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Talcum powder and cancer in women

A study by Karageorgi et al, published in the journal Cancer Epidemiology, Biomarkers & Prevention, found that that perineal talcum powder use increases the risk of endometrial cancer, particularly among postmenopausal women.

A meta-analysis by Terry et al, published in Cancer Prevention Research, found that genital powder use was associated with a modest increased risk of epithelial ovarian cancer, relative to women who never used powder. Risk was elevated for invasive serous and clear cell  tumors, and for borderline serous tumors.

We noted no increase in risk among women who only reported non-genital powder use. In summary, genital powder use is a modifiable exposure associated with small-to-moderate increases in risk of most histologic subtypes of epithelial ovarian cancer.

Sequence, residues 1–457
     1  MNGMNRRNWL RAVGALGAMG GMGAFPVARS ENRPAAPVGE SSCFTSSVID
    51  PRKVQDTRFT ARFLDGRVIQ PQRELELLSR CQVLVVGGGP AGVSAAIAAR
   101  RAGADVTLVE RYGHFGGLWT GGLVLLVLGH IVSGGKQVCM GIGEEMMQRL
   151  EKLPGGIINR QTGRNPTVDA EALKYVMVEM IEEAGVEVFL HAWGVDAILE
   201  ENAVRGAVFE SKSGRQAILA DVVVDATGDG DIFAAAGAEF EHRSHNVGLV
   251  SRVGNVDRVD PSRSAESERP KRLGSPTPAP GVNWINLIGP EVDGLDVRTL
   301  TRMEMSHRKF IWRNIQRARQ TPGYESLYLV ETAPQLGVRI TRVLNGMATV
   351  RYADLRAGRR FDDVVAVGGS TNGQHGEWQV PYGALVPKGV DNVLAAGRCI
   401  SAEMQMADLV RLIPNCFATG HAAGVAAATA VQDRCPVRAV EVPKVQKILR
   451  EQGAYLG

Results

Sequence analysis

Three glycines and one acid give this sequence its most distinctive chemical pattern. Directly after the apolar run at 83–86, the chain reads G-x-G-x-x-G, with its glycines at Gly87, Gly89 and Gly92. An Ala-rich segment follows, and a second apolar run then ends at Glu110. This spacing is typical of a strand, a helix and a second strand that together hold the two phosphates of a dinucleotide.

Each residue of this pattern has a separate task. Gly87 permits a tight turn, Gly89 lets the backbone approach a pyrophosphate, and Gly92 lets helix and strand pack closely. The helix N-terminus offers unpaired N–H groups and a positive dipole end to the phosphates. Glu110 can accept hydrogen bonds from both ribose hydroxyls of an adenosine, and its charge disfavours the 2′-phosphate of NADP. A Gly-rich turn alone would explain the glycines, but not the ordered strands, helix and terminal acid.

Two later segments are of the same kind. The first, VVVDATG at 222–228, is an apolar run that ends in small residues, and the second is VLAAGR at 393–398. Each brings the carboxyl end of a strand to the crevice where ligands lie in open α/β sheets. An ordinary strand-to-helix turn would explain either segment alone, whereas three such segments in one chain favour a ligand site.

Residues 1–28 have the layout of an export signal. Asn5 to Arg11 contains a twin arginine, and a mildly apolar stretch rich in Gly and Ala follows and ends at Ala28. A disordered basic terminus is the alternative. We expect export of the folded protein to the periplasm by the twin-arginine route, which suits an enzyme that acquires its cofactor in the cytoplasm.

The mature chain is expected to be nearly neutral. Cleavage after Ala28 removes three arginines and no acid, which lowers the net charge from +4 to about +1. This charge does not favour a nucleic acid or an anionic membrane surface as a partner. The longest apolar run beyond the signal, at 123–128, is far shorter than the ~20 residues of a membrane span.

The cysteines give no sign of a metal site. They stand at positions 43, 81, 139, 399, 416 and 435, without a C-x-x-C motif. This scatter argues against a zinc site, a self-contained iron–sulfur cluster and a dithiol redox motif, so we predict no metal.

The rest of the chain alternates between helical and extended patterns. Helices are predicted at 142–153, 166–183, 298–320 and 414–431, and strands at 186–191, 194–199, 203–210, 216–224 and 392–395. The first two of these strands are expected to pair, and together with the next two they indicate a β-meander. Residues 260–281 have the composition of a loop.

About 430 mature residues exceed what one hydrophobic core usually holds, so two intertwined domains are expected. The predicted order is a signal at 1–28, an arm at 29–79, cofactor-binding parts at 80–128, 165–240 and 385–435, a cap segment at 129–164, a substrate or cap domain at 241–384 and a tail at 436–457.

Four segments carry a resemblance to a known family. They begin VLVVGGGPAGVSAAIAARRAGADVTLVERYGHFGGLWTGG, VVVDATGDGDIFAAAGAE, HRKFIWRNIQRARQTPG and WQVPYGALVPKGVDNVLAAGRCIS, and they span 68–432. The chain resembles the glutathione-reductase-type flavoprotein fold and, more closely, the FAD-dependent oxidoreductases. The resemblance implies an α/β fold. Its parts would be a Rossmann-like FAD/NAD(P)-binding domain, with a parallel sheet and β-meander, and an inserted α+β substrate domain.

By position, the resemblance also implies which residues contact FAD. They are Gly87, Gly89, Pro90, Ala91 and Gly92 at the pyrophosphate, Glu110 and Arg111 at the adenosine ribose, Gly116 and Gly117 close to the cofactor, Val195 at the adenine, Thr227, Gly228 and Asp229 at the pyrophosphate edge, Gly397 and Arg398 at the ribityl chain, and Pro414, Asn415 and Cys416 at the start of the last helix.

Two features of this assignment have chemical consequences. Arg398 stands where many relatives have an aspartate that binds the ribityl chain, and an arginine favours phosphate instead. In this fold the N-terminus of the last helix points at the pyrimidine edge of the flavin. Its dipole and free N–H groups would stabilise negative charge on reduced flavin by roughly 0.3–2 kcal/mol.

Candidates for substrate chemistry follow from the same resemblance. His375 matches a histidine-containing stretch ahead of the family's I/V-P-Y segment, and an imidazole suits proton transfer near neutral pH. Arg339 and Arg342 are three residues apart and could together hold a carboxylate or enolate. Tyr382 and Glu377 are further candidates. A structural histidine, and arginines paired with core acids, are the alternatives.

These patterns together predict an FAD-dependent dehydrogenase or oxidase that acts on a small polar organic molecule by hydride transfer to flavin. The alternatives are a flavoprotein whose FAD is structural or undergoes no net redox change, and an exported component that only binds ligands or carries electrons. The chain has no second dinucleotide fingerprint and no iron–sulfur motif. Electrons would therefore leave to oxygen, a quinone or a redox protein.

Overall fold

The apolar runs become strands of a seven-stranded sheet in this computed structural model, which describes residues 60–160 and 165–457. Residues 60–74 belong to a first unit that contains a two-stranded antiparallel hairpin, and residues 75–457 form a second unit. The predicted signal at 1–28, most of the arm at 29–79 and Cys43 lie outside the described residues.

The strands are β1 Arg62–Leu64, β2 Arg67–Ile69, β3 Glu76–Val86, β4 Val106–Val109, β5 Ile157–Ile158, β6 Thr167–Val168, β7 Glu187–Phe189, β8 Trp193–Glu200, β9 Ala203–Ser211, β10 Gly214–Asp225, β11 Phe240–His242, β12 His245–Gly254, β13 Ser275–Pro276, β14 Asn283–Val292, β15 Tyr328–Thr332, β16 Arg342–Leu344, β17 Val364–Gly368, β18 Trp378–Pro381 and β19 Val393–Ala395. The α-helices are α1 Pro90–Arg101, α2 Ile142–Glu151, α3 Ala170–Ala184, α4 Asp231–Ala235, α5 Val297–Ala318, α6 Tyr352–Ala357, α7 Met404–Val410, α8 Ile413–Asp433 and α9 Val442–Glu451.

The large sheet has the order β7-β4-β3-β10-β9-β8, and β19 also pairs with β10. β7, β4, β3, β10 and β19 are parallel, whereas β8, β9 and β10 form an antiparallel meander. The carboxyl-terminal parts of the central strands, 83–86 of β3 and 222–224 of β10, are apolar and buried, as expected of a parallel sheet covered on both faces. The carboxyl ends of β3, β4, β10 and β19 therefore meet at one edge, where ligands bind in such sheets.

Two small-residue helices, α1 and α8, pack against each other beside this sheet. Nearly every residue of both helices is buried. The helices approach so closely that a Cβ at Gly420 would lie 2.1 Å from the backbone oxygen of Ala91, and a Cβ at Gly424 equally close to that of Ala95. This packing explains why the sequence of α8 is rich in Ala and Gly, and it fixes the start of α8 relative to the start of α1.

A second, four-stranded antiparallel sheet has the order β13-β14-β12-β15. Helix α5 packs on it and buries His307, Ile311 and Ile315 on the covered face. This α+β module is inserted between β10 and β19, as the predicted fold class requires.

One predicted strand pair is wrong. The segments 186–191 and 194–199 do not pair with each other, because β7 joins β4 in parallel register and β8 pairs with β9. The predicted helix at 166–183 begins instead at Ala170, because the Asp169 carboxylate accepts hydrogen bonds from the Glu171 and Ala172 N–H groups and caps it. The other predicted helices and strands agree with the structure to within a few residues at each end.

A study by Gordon et al, published in the International Journal of Occupational and Environmental Health, found that a specific brand of talcum powder contained identifiable asbestos fibers with the potential to be released into the air and inhaled during normal personal talcum powder application.  The researchers also found that asbestos fibers consistent with those found in the same cosmetic talc product were present in the lungs and lymph node tissues of a woman who used this brand of talc powder and developed and died from mesothelioma.